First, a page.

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Opening Bell: 04.13.12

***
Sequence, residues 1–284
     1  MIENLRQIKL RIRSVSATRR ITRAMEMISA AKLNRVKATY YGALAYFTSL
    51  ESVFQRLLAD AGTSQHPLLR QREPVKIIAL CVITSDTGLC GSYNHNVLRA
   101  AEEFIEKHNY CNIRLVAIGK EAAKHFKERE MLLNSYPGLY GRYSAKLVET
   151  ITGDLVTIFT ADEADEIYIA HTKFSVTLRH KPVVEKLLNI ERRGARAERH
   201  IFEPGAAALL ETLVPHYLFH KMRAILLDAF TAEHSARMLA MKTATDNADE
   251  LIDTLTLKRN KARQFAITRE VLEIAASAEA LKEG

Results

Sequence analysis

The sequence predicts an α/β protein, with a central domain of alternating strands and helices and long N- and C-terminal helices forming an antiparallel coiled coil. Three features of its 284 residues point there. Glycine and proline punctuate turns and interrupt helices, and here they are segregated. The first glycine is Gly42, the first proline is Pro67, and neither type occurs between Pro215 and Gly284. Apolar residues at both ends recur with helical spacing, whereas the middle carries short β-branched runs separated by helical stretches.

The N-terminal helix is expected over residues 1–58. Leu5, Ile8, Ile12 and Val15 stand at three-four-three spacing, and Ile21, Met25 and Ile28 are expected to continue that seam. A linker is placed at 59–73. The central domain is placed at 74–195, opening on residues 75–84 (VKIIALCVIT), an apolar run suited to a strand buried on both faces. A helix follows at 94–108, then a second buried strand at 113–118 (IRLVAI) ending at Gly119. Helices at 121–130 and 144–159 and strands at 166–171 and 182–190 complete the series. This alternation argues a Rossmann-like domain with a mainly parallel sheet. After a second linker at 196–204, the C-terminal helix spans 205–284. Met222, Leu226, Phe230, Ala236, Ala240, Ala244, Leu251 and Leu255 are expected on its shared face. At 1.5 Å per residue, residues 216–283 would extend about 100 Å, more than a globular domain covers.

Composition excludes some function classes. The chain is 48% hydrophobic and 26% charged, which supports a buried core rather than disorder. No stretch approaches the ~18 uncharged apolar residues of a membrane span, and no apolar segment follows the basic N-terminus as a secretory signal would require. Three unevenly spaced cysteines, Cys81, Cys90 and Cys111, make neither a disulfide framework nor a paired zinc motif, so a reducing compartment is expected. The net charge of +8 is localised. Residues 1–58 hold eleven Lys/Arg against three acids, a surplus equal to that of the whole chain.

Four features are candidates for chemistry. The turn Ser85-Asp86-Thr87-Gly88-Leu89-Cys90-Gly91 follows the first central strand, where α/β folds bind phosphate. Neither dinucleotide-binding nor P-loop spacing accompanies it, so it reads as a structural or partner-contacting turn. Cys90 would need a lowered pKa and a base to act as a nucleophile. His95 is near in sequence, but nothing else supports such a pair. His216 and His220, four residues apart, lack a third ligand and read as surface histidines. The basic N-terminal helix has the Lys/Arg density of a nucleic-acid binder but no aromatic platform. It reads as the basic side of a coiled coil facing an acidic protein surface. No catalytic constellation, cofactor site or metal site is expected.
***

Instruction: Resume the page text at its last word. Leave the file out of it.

JPMorgan Profit Slips (WSJ) J.P. Morgan reported a profit of $5.38 billion, down from $5.56 billion a year earlier. On a per-share basis, earnings were $1.31, up from $1.28 as the share count outstanding declined. The latest quarter included a net 8-cent per-share loss tied to litigation expenses and changes in the value of the bank's debt. Analysts polled by Thomson Reuters expected a per-share profit of $1.18, excluding debt-related charges. Revenue rose 6.3% to $27.42 billion. Analysts were looking for $24.68 billion. Wells Fargo reports higher first-quarter profit (Reuters) Wells Fargo, the nation's fourth-biggest U.S. bank, said net income was $4.25 billion, or 75 cents a share, in the quarter, compared with $3.76 billion, or 67 cents, a share in the same period a year earlier. The average estimate from analysts was 73 cents per share. JPMorgan Said to Transform Treasury to Prop Trading (Bloomberg) Achilles Macris, hired in 2006 as the CIO’s top executive in London, led an expansion into corporate and mortgage-debt investments with a mandate to generate profits for the New York- based bank, three of the former employees said. Dimon, 56, closely supervised the shift from the CIO’s previous focus on protecting JPMorgan from risks inherent in its banking business, such as interest-rate and currency movements, they said. Some of Macris’s bets are now so large that JPMorgan probably can’t unwind them without losing money or roiling financial markets, the former executives said, based on knowledge gleaned from people inside the bank and dealers at other firms. Bank Bonus That Tops Salary May Be Banned by EU Lawmakers (Bloomberg) Governments and lawmakers in the 27-nation EU are considering rules for lenders that would go far beyond international agreements approved by the Basel Committee on Banking Supervision. Denmark, which holds the rotating presidency of the EU, has proposed empowering nations to set surcharges of up to 3 percent across their banking systems. Karas yesterday suggested adding language to the legislation that would ban banker bonuses that exceed fixed pay, following calls from other lawmakers to rein in excessive compensation. IMF Lifts Growth Forecast, Cautiously (WSJ) Christine Lagarde, managing director of the International Monetary Fund, said the world economy is marked by "a high degree of instability" even though prospects for global growth are better than they were a few months ago. In an interview with The Wall Street Journal, Ms. Lagarde said the IMF, which marked down its 2012 forecast for global growth in January to 3.3%, has now marked it up to reflect improving conditions in the world economy. But she said the new forecast, to be released next week, remains more pessimistic than the one it made last September, which predicted 4% growth. Europe remains the biggest single risk to the global economy, the former French finance minister said. Hedge Fund Driver Guns DownArmed Robber (NYP) A retired NYPD lieutenant blew away a drugstore bandit yesterday as the suspect tried to gun down three police officers during a foot pursuit, sources said. Thomas Barnes, Barnes — a driver for hedge fund manager Philippe Laffont, was filling his tank at the BP station on East 119th Street and First Avenue at around 11 a.m. when he saw gunman Rudolph Wyatt running from the store, and sprang into action. He crouched behind his hedge-fund boss’ Mercedes SUV and squeezed off three shots, killing Wyatt, 23. The trigger-happy thug — wanted on warrants for two other shootings — lay dead in a pool of blood on the sidewalk wearing a black stocking mask with a wad of stolen cash spilling out of his pocket, witnesses said. “Part of the back of his head was missing. He had a large head wound and there was tons of blood,” said witness John Brecevich, 59, owner of the Original Patsy’s restaurant nearby. “It was a scene straight out of NYPD Blue.” Trustees Aim For MF Execs (NYP) The trustee tasked with clawing back money for burned customers of MF Global is training his sights on the brokerage firm’s executives — a list that likely includes former CEO Jon Corzine. In a statement yesterday, trustee James Giddens said he is considering pursuing claims against “certain responsible individuals” who worked for MF at the time customers’ trading accounts were improperly tapped. Kent Jarrell, a spokesman for Giddens, declined to name names but said the trustee is considering civil suits against “officers, directors or other employees” of both the brokerage firm and the holding company. Fed Officials Differ on Need to Keep Rates Low to 2014 (Bloomberg) William C. Dudley, president of the New York Fed, and Vice Chairman Janet Yellen said the 2014 time-frame is needed to lower unemployment from 8.2 percent. Minneapolis Fed President Narayana Kocherlakota said rising inflation may prompt an interest-rate increase as early as this year, while Philadelphia’s Charles Plosser said policy should hinge on economic performance, not a calendar commitment. Newark Mayor Cory Booker: Race into home fire was a "come to Jesus moment" (CBS) Booker arrived home last night to discover his next-door neighbor's house on fire, and rescued a young woman trapped upstairs by carrying here through the flames, suffering second-degree burns in the process. The mayor's security team discovered the fire and pounded on the door to alert residents, when an elderly woman said that her daughter was trapped upstairs. At first, Newark Police Detective Alex Rodriguez would not let Booker into the burning house. "He basically told me, 'This woman is going to die if we don't help her,' and what can I say to that?," Rodriguez said. "I let him go and without thinking twice, he just ran into the flames and rescued this young lady." Booker said that as he jumped through the kitchen on the second floor, "I actually wasn't thinking. When I got there and couldn't find her in all the smoke, looked behind me and saw the kitchen really erupting with flames all over the ceiling, that's when I had very clear thoughts that I'm not going to get out of this place alive and got ... very religious. He admitted he was "not gentle" with her - "I just sort of threw her over my shoulder and dragged her through the kitchen."